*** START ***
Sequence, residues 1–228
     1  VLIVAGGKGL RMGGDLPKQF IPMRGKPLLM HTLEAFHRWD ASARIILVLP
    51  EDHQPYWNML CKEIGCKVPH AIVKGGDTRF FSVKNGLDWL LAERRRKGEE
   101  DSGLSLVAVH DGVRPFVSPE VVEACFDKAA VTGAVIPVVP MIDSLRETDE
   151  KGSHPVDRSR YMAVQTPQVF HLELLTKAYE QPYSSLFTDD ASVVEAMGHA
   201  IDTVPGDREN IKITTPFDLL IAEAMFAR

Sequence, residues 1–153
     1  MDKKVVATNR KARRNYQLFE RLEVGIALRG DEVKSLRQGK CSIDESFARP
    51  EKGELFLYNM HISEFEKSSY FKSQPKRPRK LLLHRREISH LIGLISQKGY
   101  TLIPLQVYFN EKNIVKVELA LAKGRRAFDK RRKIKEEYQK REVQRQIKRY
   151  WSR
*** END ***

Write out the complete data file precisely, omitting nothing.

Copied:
Sequence, residues 1–228
     1  VLIVAGGKGL RMGGDLPKQF IPMRGKPLLM HTLEAFHRWD ASARIILVLP
    51  EDHQPYWNML CKEIGCKVPH AIVKGGDTRF FSVKNGLDWL LAERRRKGEE
   101  DSGLSLVAVH DGVRPFVSPE VVEACFDKAA VTGAVIPVVP MIDSLRETDE
   151  KGSHPVDRSR YMAVQTPQVF HLELLTKAYE QPYSSLFTDD ASVVEAMGHA
   201  IDTVPGDREN IKITTPFDLL IAEAMFAR

Sequence, residues 1–153
     1  MDKKVVATNR KARRNYQLFE RLEVGIALRG DEVKSLRQGK CSIDESFARP
    51  EKGELFLYNM HISEFEKSSY FKSQPKRPRK LLLHRREISH LIGLISQKGY
   101  TLIPLQVYFN EKNIVKVELA LAKGRRAFDK RRKIKEEYQK REVQRQIKRY
   151  WSR